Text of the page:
Shoplifting Probable Cause

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What is Probable Cause in a Shoplifting Case?

Most states have laws that allow shopkeepers and merchants to detain a customer who is suspected of shoplifting.  This is often known as the “Merchant’s Privilege”, which basically allows the shopkeeper to make a citizen’s arrest and detain the customer until the police arrive.  However, as in any arrest, the shopkeeper needs to have “probable cause” that the customer or patron has engaged in shoplifting. 

Probable cause means that the shopkeeper is reasonably certain that the person has shoplifted items from their store.  The shopkeeper’s arrest must be based on actual facts, and not on mere assumptions, opinions, or “jumping to conclusions”.  Failing to establish probable cause before making an arrest can lead to false imprisonment or false arrest charges for the shopkeeper.

How is Probable Cause Established for Shoplifting?

Shopkeepers can go through some basic steps to establish probable cause for shoplifting.  While shoplifting laws can vary by state, following these six steps makes it easier for the merchant to establish probable cause for shoplifting:

What are the Legal Penalties for False Imprisonment or False Arrest?

If the shopkeeper makes an arrest or detainment without establishing probable cause, they could face charges for false imprisonment or false arrest.  These are very serious violations that can result in both criminal and civil consequences.  For example, the shopkeeper may have to pay criminal fines for violating the law, and they may have to reimburse the customer for any losses caused by the false imprisonment.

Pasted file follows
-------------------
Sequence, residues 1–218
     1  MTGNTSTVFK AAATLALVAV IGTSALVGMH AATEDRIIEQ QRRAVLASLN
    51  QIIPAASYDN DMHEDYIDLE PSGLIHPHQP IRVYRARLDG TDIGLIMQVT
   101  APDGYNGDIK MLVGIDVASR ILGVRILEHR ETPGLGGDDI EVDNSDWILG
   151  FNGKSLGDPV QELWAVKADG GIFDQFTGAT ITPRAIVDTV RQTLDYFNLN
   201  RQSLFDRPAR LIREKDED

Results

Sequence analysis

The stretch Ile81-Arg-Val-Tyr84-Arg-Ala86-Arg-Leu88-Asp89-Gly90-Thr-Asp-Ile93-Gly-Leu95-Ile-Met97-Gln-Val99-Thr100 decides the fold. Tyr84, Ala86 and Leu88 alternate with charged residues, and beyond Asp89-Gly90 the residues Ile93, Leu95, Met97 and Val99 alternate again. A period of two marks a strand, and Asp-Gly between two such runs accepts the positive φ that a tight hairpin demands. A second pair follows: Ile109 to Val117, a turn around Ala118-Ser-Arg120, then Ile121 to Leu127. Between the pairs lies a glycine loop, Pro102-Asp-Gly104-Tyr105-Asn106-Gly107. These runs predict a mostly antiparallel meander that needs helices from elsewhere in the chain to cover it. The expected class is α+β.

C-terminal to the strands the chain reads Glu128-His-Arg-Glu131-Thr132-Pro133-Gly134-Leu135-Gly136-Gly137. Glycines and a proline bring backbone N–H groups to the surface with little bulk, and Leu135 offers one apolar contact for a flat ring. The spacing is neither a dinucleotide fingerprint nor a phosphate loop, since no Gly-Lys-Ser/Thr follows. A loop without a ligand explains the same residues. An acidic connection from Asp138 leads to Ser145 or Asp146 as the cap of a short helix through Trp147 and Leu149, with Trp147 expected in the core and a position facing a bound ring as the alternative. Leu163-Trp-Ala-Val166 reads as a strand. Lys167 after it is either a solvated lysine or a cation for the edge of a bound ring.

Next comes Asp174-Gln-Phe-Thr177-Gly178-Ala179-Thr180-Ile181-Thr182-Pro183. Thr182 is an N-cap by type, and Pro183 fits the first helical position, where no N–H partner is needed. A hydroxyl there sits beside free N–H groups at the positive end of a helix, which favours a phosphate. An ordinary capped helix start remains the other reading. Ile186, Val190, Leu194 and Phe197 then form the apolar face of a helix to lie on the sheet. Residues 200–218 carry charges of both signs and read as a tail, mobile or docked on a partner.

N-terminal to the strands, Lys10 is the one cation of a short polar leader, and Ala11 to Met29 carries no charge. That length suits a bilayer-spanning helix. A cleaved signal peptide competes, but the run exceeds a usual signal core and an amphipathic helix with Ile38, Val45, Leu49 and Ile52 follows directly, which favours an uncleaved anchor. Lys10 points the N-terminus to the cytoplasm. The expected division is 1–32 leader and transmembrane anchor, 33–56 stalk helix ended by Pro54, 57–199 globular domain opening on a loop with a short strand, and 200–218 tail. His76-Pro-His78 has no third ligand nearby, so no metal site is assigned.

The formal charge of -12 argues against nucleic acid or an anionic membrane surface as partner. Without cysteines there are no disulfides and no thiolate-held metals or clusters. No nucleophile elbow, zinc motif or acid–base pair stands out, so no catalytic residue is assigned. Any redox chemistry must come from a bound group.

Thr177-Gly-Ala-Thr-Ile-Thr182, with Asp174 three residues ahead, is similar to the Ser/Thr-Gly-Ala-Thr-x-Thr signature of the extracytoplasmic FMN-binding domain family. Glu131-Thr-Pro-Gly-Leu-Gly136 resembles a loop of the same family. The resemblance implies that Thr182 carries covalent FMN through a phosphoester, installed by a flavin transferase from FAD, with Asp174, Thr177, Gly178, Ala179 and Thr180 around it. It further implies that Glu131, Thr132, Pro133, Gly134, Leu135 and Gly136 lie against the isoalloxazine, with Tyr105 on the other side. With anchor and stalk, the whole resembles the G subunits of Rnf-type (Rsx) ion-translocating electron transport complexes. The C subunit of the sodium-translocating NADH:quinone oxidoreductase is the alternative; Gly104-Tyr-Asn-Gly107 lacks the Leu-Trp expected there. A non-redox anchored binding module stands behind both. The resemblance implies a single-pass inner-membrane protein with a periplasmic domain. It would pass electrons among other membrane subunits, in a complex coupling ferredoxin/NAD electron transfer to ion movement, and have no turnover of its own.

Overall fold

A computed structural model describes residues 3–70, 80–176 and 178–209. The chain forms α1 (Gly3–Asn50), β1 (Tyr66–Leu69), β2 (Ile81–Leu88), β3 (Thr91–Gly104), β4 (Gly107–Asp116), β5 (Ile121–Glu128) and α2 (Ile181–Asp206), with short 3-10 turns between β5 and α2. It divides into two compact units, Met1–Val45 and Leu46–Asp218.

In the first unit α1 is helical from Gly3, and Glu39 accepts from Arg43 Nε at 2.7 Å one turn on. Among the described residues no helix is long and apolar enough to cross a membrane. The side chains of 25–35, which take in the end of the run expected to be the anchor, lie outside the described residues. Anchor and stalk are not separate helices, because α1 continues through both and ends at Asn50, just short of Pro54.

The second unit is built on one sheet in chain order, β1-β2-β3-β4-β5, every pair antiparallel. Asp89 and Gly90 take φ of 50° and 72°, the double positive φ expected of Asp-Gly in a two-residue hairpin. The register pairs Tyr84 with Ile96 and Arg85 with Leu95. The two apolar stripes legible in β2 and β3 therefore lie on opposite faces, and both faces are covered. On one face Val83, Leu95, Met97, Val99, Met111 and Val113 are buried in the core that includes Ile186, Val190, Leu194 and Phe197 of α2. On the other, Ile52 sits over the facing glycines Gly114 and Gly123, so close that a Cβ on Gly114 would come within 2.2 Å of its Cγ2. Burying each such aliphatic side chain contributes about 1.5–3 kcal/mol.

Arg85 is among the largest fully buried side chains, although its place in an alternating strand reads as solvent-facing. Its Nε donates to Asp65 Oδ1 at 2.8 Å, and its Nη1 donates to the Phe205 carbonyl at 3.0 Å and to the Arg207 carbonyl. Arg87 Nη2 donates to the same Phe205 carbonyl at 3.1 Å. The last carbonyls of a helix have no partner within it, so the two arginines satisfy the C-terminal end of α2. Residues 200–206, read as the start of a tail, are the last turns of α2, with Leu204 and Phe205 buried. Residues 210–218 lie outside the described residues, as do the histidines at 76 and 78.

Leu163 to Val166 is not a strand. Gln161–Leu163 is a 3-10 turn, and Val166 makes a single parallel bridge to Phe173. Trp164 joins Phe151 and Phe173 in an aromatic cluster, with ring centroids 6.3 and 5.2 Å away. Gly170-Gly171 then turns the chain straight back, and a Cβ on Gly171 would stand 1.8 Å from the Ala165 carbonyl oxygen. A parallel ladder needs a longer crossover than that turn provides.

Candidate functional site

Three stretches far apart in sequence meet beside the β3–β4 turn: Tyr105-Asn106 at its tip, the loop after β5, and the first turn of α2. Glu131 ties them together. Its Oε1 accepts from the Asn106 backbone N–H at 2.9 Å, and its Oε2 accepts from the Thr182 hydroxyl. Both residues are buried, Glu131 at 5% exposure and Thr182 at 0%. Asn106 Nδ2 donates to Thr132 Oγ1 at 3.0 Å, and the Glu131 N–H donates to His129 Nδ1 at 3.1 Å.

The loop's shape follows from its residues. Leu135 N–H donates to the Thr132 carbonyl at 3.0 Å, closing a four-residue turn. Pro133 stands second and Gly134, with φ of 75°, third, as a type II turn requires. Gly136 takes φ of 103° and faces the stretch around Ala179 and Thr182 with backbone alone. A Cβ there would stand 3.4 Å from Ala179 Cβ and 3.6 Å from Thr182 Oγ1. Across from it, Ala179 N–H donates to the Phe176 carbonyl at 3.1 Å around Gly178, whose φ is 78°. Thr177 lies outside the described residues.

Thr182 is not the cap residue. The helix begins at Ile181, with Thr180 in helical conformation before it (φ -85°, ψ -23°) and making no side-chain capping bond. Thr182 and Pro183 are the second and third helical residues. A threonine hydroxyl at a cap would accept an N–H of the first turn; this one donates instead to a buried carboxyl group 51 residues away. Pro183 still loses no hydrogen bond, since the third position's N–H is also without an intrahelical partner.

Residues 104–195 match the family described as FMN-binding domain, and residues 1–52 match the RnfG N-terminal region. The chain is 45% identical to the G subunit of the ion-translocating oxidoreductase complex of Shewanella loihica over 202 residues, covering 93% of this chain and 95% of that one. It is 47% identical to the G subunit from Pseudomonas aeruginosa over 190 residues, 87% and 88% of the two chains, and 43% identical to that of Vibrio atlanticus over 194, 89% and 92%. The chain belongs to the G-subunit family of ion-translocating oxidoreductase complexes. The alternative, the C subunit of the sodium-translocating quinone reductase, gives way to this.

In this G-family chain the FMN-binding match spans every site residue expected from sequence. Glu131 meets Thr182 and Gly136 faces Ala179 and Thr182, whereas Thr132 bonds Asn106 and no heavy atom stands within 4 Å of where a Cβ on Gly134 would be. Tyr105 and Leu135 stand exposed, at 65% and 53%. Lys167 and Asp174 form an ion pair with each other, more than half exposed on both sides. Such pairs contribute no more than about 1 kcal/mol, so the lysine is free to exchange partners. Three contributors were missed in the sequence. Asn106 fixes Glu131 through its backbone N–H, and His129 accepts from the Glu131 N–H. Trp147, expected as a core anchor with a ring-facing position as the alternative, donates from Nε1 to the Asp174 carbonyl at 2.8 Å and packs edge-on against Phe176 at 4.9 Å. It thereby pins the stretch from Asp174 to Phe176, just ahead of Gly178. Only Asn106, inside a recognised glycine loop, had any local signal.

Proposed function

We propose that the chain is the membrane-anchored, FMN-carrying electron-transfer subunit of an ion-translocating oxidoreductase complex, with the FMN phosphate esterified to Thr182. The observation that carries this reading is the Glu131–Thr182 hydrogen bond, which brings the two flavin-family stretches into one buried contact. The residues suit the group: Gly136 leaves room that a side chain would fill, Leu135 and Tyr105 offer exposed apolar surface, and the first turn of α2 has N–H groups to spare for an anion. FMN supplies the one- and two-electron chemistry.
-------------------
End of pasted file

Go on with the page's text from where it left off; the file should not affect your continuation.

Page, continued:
It’s important to note that a merchant’s arrest for shoplifting should be accomplished with as little force as is necessary, or preferably, with no use of force at all.  If force is used unreasonably, false imprisonment charges can go from a misdemeanor to a felony charge. 

Do I Need a Lawyer for Assistance With Probable Cause in a Shoplifting Case?

Merchants and shopkeepers have many legal rights when it comes to protecting their stores and merchandise.  However, many shopkeepers may not be clear when it comes to legal concepts like probable cause.  If you are a merchant and need assistance on such issues, you should contact a qualified attorney immediately.  Your lawyer will be able to answer your legal questions, and can defend you in court if a lawsuit is filed against you or your business.

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Last Modified: 06-25-2012 03:03 PM PDT

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